In a side note: screw you HTC when is the JB update coming to the OneX!

        If you (and she) is happy with a 4.7" phone, and can live without LTE and a microSD slot, then the Nexus 4 is by far the best option, even more so when compared to phones in the same price range like those.

        Luke kinda glossed over most of the details, but the N4 has the fastest CPU and GPU on the market, and (being a Nexus) it'll get system updates faster and for longer than all the others too, so it'll most definitely be competitive in 12 months, and longer besides.

    All this talk of pie has made me hungry.

    I have no idea about phones, how's the Nexus 4 for gaming?

      The Nexus 4 should be just about the best phone for gaming in terms of performance. It's got a nice big 4.7" WXGA (1280x768) screen, a powerful quad-core 1.5 GHz CPU, more than enough RAM (2GB) and is free from manufacturer bloatware (runs stock Android). I have no idea about mobile GPUs, but I assume the Adreno 320 is perfectly capable.

      The only concerns for avid gamers might be that it doesn't have an oversized battery (but it's about on-par with the offerings from other manufacturers), the battery is non-replaceable (so you can't carry around a spare or buy an extended battery, however you could buy a battery pack that charges via the Micro-USB port), it only has 16GB max storage, and that it doesn't have expandable memory (ie. no slot for a microSD card). Otherwise, the actual playing of games should be excellent.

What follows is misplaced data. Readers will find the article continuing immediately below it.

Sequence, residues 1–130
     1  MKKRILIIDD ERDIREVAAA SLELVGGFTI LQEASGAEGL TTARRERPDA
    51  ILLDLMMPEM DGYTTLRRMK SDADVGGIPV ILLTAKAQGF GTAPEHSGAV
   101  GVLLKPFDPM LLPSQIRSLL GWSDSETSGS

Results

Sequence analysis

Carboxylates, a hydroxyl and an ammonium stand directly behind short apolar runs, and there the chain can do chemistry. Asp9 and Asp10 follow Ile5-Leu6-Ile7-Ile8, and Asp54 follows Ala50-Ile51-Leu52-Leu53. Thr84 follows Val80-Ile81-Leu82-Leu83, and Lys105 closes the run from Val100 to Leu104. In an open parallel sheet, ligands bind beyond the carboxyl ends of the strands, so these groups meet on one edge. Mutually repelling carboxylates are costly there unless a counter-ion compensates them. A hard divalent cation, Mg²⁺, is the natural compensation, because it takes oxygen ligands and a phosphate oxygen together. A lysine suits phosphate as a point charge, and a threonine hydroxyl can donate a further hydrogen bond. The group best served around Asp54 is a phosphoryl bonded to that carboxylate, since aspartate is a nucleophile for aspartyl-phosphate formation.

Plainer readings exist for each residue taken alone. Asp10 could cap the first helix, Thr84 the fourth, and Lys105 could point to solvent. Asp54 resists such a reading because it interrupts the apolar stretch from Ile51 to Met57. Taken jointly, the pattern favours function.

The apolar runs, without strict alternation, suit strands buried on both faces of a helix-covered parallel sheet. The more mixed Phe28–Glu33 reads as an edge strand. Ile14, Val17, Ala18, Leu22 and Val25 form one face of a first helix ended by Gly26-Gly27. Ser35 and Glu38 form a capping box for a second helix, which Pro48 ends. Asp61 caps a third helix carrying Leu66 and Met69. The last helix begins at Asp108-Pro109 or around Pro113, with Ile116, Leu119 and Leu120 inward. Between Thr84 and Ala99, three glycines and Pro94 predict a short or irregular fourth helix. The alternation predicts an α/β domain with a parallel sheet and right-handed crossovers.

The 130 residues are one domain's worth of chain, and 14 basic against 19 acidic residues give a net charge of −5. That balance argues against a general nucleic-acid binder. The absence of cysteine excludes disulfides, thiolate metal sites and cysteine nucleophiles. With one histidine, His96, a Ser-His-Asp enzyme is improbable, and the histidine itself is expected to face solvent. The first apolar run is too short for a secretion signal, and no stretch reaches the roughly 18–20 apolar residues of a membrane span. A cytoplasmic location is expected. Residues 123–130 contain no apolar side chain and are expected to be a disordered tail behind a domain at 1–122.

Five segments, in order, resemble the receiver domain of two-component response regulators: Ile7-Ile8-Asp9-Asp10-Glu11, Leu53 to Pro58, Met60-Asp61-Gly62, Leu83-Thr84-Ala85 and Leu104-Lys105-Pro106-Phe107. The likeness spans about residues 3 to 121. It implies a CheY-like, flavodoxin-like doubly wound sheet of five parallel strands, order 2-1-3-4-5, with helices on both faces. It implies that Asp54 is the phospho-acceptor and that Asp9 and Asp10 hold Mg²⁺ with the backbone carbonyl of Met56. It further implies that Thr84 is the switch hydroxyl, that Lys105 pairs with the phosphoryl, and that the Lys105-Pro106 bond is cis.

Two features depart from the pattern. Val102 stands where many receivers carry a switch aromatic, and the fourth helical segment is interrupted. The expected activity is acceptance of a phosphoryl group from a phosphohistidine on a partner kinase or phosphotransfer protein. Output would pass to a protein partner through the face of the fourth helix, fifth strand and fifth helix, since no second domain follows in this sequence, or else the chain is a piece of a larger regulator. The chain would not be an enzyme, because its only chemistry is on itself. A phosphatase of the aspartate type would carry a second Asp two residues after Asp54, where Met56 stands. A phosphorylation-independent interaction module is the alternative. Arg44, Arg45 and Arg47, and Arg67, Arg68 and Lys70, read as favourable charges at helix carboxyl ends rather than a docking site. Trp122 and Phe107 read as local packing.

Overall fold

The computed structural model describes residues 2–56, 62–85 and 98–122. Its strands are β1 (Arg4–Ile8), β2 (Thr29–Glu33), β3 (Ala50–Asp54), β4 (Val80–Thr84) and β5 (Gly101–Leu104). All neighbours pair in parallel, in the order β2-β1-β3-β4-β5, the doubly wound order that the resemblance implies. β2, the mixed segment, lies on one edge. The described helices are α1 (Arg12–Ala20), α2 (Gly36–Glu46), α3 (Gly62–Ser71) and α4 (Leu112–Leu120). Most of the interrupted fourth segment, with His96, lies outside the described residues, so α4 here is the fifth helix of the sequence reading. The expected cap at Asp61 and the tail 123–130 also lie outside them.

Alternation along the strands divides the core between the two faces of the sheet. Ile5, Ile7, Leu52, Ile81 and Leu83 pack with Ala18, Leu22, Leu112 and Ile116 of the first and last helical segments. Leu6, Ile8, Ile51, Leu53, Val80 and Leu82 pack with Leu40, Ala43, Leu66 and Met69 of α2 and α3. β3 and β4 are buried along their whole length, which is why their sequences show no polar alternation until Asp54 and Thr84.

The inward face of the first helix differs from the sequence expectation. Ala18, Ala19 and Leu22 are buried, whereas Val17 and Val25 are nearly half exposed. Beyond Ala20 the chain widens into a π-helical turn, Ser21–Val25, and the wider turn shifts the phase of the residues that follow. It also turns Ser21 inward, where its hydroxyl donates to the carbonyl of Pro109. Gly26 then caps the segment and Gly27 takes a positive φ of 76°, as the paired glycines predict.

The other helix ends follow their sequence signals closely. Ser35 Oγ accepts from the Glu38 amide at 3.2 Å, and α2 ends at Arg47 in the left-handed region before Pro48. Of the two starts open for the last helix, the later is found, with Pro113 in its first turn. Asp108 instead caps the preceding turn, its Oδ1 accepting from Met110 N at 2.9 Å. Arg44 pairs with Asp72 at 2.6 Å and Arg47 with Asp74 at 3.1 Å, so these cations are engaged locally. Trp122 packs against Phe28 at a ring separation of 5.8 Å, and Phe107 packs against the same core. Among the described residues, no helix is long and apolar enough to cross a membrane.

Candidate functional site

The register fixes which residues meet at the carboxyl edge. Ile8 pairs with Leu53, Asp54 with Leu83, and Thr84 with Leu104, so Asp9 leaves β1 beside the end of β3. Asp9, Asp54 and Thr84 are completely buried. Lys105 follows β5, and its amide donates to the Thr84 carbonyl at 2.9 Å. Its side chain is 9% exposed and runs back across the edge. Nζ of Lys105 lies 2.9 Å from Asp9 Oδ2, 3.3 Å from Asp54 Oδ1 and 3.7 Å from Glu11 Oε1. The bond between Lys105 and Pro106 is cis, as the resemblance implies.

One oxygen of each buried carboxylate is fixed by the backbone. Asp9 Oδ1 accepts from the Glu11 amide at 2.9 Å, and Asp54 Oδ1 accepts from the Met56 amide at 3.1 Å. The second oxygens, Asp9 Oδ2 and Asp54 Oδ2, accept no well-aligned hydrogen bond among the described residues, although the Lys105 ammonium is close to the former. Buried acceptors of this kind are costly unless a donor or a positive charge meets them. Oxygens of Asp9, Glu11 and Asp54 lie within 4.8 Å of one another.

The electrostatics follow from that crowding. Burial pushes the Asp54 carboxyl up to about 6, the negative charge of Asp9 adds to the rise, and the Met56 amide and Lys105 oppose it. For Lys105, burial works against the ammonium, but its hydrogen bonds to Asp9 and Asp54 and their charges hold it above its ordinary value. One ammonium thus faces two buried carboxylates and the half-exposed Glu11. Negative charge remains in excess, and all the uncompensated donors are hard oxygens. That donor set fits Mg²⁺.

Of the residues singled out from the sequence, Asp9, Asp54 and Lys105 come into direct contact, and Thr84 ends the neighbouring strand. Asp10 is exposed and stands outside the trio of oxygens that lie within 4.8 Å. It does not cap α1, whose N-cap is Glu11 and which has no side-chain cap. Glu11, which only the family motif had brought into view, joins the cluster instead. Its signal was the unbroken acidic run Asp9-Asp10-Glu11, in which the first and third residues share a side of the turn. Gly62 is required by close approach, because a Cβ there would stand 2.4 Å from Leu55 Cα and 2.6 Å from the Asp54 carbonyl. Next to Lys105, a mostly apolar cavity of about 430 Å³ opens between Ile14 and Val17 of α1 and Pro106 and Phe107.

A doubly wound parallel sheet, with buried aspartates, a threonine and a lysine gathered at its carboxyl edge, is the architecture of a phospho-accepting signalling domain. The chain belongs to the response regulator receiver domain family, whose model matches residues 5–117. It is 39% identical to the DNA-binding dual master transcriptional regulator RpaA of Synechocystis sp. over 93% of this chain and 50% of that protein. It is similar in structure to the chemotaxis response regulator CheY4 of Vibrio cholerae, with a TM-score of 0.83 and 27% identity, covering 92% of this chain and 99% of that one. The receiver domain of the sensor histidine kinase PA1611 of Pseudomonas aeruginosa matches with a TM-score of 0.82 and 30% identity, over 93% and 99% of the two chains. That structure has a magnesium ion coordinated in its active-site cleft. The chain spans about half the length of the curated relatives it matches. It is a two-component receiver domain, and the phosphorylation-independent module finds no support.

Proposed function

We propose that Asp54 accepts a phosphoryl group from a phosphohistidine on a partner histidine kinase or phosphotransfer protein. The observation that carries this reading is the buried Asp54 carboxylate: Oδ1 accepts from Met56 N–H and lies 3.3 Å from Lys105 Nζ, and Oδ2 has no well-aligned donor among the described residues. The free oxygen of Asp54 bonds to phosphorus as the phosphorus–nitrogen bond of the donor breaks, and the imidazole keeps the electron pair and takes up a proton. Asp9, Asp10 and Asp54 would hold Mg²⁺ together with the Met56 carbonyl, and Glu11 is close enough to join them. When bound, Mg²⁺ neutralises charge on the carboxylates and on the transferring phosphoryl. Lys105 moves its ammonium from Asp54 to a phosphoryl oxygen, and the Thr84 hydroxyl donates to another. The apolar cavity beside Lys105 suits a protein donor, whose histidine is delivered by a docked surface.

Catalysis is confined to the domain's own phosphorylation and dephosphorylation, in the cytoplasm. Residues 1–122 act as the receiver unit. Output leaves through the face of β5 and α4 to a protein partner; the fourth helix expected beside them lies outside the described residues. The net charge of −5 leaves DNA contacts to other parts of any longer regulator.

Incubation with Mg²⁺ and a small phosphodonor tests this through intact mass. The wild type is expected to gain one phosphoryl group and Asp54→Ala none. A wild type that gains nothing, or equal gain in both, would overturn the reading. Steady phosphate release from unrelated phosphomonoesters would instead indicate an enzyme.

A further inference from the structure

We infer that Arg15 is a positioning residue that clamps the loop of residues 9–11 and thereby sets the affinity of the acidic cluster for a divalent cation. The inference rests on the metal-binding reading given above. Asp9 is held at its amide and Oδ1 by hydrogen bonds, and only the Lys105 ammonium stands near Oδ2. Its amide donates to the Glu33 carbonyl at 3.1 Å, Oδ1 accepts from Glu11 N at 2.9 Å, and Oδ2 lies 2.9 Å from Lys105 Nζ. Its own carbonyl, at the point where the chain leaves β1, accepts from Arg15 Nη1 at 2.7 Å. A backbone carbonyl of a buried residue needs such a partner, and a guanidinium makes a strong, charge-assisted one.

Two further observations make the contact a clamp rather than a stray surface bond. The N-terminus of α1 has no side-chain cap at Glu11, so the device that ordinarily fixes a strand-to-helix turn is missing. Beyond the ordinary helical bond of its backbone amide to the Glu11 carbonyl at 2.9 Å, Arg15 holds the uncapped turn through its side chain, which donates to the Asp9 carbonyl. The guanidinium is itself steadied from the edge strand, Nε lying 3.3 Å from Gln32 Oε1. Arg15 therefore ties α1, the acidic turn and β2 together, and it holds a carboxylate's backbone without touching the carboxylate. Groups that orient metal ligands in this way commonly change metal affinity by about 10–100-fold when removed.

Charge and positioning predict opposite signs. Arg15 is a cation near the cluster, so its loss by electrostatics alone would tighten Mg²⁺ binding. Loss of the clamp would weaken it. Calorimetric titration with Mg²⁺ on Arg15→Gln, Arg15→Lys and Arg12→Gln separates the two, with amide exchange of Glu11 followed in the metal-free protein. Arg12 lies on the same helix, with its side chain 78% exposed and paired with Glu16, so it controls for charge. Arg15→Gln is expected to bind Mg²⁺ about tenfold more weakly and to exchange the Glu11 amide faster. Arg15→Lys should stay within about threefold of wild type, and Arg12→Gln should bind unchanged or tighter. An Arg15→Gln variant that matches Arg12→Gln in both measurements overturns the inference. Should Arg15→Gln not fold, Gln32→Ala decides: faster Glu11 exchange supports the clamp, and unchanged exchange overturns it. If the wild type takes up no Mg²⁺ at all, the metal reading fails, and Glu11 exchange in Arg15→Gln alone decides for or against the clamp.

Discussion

Last edited 08/11/12 12:38 pm

      Man i've always wanted to try key lime pie, but it's impossible to get key limes here!

    Glass front and back? Why put glass on the back?? Just like the iPhone, twice the possibility of it smashing if/when you drop it, all for some debatable aesthetic appeal. I would have preferred a texturised plastic (like my Galaxy Nexus) or metal. Still, for the specs, functionality and the price, this is likely to be a killer phone!